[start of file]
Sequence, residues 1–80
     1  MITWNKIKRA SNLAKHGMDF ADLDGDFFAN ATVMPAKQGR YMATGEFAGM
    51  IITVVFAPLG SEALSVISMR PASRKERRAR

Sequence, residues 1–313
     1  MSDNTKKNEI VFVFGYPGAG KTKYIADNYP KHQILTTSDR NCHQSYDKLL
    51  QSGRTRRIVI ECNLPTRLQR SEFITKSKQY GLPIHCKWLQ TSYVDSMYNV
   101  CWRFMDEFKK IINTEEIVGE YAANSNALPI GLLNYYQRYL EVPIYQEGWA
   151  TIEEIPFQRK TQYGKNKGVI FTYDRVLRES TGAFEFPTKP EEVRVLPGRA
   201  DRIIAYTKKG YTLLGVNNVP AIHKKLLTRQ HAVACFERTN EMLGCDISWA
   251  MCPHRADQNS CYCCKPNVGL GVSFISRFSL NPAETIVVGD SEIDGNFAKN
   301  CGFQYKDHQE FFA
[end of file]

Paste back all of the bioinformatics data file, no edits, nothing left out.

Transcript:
Sequence, residues 1–80
     1  MITWNKIKRA SNLAKHGMDF ADLDGDFFAN ATVMPAKQGR YMATGEFAGM
    51  IITVVFAPLG SEALSVISMR PASRKERRAR

Sequence, residues 1–313
     1  MSDNTKKNEI VFVFGYPGAG KTKYIADNYP KHQILTTSDR NCHQSYDKLL
    51  QSGRTRRIVI ECNLPTRLQR SEFITKSKQY GLPIHCKWLQ TSYVDSMYNV
   101  CWRFMDEFKK IINTEEIVGE YAANSNALPI GLLNYYQRYL EVPIYQEGWA
   151  TIEEIPFQRK TQYGKNKGVI FTYDRVLRES TGAFEFPTKP EEVRVLPGRA
   201  DRIIAYTKKG YTLLGVNNVP AIHKKLLTRQ HAVACFERTN EMLGCDISWA
   251  MCPHRADQNS CYCCKPNVGL GVSFISRFSL NPAETIVVGD SEIDGNFAKN
   301  CGFQYKDHQE FFA